One need only look at the Americans’ contempt for international law, as expressed by their failure to ratify and support numerous treaties (Convention on the Rights of the Child, Mine Ban Treaty, ban on cluster bombs…), their rejection of International Criminal Court jurisdiction, and the recent history of U.S. military aggression abroad generally. Or we might consider the environment. Recent EU research finds that U.S. per capita emissions are almost two-and-a-half times that of the EU. The average Chinese, while still four times poorer than the average European, now emits the same amount of carbon. Can there be such a clear expression of different attitudes towards energy and environment between Europeans on the one hand, and the U.S. and the Leninist-Capitalist dictatorship of China on the other? There are similar divergences towards attitudes towards genetically-modified organisms and public transportation. Let us also note in passing that for the U.S. Republican Party, which currently runs Congress and may well regain the presidency this year, the expressions “United Nations,” “financial regulation,” “environmental protection,” and “government” in general are swearwords.
The traditional, passive-consensual method of European policymaking will not do. Europe (and sub-units within Europe) will have to assertive itself, pressure others, and if necessary act unilaterally to ensure that the values it takes for granted will exist in the world of tomorrow. A more federal EU should use its power, as Jürgen Habermas and Jacques Derrida argued, to “exert its influence in shaping the design for a coming global domestic policy.”
Will the EU actually enable the “European Dream”?
Many American progressives and Frenchmen have long-dreamed that European integration could serve to promote and fight for these “European values” and the “European way of life” in the world. This idea became particularly popular during the presidency and military aggression of George W. Bush. The EU came to be seen as an “anti-Bush,” the force that could counter all that is ugly about America (war, social Darwinism, “savage” capitalism, environmental disaster, international lawlessness…). Numerous books have been written on this theme, the most popular being Rifkin’s, others being those by Jean Quatremer, T.R. Reid and Mark Leonard.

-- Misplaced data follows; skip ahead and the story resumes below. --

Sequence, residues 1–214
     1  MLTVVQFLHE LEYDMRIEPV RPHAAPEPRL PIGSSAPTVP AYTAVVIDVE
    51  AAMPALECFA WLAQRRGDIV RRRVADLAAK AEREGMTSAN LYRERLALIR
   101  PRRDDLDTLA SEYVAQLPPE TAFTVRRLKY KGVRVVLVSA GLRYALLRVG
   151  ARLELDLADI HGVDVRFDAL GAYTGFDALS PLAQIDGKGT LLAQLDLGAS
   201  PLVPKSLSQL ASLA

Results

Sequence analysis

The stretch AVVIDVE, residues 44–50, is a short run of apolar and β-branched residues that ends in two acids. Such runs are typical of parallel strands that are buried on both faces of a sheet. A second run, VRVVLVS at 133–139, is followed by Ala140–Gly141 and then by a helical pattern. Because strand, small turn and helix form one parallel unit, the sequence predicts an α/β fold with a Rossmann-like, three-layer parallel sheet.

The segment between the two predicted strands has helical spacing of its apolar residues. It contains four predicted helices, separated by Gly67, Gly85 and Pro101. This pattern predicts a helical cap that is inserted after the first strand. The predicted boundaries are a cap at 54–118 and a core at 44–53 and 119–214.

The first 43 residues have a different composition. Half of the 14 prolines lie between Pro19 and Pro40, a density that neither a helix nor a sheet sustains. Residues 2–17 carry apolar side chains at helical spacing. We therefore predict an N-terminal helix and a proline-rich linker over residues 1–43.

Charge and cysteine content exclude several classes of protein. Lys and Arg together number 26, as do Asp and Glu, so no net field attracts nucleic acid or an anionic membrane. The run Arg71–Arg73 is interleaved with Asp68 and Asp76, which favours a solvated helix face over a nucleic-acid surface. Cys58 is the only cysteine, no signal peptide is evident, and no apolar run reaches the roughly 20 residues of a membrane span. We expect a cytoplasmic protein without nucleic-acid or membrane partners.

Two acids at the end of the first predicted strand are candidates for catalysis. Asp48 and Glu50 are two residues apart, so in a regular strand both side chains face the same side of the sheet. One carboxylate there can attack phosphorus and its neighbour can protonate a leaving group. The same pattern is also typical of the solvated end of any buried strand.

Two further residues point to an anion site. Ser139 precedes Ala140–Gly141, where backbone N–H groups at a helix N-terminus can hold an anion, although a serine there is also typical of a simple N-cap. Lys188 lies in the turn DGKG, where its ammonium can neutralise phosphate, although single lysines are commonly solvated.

In practice, the idea of the EU as a “counterweight” or rival to American power and values has largely proven a fantasy. “European foreign policy” only exists when there is a power to coordinate the 27 member states to adopt a common position. In practice that power has almost always been the U.S. Hence why the EU has reasonably strong sanctions (comprehensive list here) to destabilize regimes the U.S. does not like (Syria, Iran), while creating strong ties with regimes the U.S. does like (Saudi Arabia, Israel).
Similarly, the euro has been a disappointment. True, in its first decade of existence it had made very slow but steady progress in replacing the U.S. dollar as a reserve currency and the euro is exclusively used for international trading purposes by some countries (Cuba, Syria, North Korea, Iran…). Domestically however, if anything the euro has undermined the European Dream of a controlled, social and humane capitalism: the German-demanded Fiskalpakt effectively outlaws Keynesianism, the Maastricht rules ban Franco-Anglo-American style pro-growth central banking, and the ECB has been undemocratically pushing for labor market liberalization, privatization and even tax cuts (!).
However, neither of these EU areas is majoritarian. On foreign policy, any national foreign minister has a veto. Eurozone policy has, rather implausibly, been placed “beyond politics,” it being governed by no majority but instead a mass of laws, theoretically perpetual Treaties, and the pseudo-apolitical ECB. We can expect the new majoritarian “regular” EU policies to be rather different in character.
We can see this in specific areas. Will there be a European tax on financial transactions? Quite possibly yes, either through British withdrawal or a eurozone-only version. Will there be tougher financial regulation to reign in the systematic lawlessness of the financial sector and in particular that of the City? Research by euroskeptic think-tank Open Europe suggests yes, largely due the dynamics of the eurozone and the new QMV rules. Will Europe be able to protect itself from unfair competition from environmentally wasteful countries? Already, in fact, the EU is putting up a good fight in defending its cap and trade emissions system against heavy emitters like the U.S., Canada and China.
In all probability the European Superstate will, quite simply, broadly reflect national governments, in all their virtue and depravity. This means neither the dictatorship of the minority (as in foreign policy) nor of the lawyers and “technocrats” (as in the eurozone). It also means the EU can and will be potentially as base as the national governments. But we might even be optimistic: If watchful citizens elect and pressure their governments to be virtuous and ambitious, there is every reason to believe the emerging new “Europe” will have the same laudable characteristics.
This post is the third in the “Europa 2024″ series on the future of the European Union.